When most Canadians think of financial advantages, we think of high net worth, high employment income and large investment portfolios. To my mind, there is no greater differentiator between the “haves” and the “have nots” than a defined-benefit pension.

My early meetings with clients revolve around determining what they want to accomplish with their money. Most have come to terms with the fact that “a comfortable retirement” doesn’t provide enough information for their planner.

This week’s article highlights the attraction of Gen Z investors to these platforms and how newer investors are opting for the “real-time” feedback that these technologies provide.

Today, more teens are employed than they have been in over a decade. As of May, the Bureau of Labor Statistics shows unemployment rates for ages 16-19 among the lowest in the past 68 years. That’s good news for anyone contemplating the next generation of leaders – and for our economy.

Wedding season is upon us. Money management is so foundational to a successful relationship that it is often the leading cause of divorce.

The June edition of the UPotential webinar series entitled “Marriage Vows, Instead of Money Woes” discussed some of the reasons why money breaks up so many relationships and offers some suggestions to help couples establish a good money partnership or repair a poor one.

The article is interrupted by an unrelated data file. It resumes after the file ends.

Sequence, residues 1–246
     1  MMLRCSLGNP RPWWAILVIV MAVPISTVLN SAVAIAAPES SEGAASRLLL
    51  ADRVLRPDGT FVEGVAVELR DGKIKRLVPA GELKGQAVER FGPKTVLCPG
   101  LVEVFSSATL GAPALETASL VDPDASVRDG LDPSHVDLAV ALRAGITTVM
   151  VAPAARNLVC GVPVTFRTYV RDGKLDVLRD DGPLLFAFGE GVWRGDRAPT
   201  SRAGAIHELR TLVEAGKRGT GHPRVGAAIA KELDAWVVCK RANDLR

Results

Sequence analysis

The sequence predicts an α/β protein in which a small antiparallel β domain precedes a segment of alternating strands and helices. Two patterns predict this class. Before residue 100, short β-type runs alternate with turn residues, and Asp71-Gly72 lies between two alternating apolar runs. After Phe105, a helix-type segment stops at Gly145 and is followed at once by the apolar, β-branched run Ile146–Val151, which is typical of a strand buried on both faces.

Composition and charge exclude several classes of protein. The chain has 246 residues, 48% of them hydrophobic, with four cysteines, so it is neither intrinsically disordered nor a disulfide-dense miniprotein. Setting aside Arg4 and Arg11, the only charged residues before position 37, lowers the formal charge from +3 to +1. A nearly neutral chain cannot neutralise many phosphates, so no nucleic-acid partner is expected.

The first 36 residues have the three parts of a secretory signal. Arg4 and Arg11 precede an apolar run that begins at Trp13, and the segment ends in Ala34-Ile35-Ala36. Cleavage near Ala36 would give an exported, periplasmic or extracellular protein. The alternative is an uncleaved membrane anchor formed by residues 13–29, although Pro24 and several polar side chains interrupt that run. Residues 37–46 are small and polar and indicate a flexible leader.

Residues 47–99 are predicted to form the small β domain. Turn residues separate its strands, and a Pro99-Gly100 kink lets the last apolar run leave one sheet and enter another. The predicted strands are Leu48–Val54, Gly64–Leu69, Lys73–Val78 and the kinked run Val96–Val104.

I have been working with clients preparing for, undergoing and recovering from divorce and separation throughout my career. Most approach the decision to change their family structure with fear and sadness…

I love to learn about families that have successfully separated and reinvented themselves. This article highlights the key aspect of successful separation: keeping the children’s interests top-of-mind. While not all ex-spouses will spread love and accolades about a new wife, this article shows that when the children and civility are the highest priority, Family 2.0 doesn’t have to be wrought in conflict and contempt.


Click here to read the full article on Distractify

Popular TV shows like Schitt’s Creek and Arrested Development feature children who cannot function without the financial support of their affluent families. Caricatures of these spoiled children are played for laughs. I find that many clients with investable wealth of anywhere between $1 – $5 million confide how difficult it is to raise well-rounded and ambitious children. They say that their children expect or demand things that would have been unthinkable to children a generation ago.


Click here to read the full article on GoldenGirlFinance.com